Energy efficiency blog

Are We in the Middle of a Renewable Energy Revolution?

This post will provide a brief overview of the UN report on Global Trends in Renewable Energy Investment 2018. To establish the key findings for solar in 2017 and what predictions Greenwood Solutions has for the future of solar.

The creation of renewable energy skyrocketed during 2017, with solar alone accounting for 98GW of the net power capacity coming on stream last year. This surge in the use of solar outweighed all other technologies, including other renewables, nuclear and fossil fuels.

Australia’s own spending on solar grew significantly over the past year, as remarked by Iain MacGill from UNSW “we have the highest [per capita] rooftop residential solar market in the world, and by quite a big margin”.

South Australia, in particular, has benefited from the increase in solar investment, according to Dr. MacGill.

“A large proportion of Australia’s investment has gone into South Australia [and that means] we’re at the leading edge of working out how to integrate that renewable power into the electricity market”.

While Australia is known for its solar irradiance and this is a contributing factor in the uptake of the technology, there are a number of other reasons contributing to Australia’s unique market and level of adoption. Namely, consumers are tired of prices steadily increasing and paying for platinum coated infrastructure.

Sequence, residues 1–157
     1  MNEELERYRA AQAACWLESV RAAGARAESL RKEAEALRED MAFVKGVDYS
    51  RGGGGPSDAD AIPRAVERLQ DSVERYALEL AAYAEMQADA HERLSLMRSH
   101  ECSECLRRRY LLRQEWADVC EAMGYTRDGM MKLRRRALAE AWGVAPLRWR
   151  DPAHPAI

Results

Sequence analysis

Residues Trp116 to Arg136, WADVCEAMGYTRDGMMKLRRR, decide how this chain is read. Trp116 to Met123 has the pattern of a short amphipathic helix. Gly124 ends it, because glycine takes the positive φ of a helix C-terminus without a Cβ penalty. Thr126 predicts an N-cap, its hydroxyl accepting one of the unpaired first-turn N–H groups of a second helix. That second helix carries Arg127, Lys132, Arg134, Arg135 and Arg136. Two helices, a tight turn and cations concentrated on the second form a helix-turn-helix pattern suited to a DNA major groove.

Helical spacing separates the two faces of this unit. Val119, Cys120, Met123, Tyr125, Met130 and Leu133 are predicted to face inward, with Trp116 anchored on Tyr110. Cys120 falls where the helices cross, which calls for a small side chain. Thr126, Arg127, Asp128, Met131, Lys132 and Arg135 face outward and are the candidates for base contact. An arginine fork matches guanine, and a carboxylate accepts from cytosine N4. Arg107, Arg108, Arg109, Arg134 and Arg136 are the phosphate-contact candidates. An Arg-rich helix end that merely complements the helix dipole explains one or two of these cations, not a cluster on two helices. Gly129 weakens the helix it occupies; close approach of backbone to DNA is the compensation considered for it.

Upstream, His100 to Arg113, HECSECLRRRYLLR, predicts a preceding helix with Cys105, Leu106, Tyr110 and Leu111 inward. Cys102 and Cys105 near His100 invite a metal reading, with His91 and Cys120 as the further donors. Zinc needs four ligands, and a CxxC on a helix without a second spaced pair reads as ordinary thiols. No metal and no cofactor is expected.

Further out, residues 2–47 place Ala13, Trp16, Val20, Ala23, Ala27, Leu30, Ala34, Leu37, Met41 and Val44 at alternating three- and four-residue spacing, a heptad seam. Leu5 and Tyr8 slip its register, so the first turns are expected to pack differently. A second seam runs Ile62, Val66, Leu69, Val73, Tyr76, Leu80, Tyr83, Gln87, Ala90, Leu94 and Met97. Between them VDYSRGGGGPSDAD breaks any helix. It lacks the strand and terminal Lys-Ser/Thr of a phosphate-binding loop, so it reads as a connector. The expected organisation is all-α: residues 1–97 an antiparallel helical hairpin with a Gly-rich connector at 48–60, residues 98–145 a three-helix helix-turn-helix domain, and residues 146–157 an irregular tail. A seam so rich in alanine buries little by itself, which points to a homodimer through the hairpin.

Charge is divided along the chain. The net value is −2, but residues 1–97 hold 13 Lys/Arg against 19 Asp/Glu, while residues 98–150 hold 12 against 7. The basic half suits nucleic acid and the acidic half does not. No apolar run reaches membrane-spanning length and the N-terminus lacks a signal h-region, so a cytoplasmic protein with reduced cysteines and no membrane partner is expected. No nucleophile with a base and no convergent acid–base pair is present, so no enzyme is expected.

In 2017, the cost of solar continued to fall. The benchmark levelized cost of electricity for a photovoltaic (PV) project dropped to $86 per megawatt-hour, down 15% from 2016 and 72% since 2009. The reduction in price is caused, partly due to the fall in capital costs, and some due to the improvements in efficiency.

The efficiency of solar production continues to make large advancements. The amount of electricity required to make polysilicon has halved over the past five years by investing in larger furnaces and improved processes. Solar manufacturers also continue to improve the design of their products to raise their efficiency and reduce the cost.

Companies and universities are investing a great deal in the research of entirely new photovoltaic materials such as perovskites. Perovskites can be produced with simple chemistry and therefore cheaply, with major strides being made in the lab, it appears this is a trend to keep an eye on during 2018.

Developers think they could ultimately achieve 30% or even 40% efficiency, compared to the average of less than 20% a day that is currently being seen.

As the use of renewable energy continues to rise, it appears individuals and organisations are becoming more aware of their impact on the environment. Here at Greenwood Solutions, we are passionate about living a sustainable lifestyle and hope to see this trend continue to grow as more people become aware of the world’s immediate environmental crisis.


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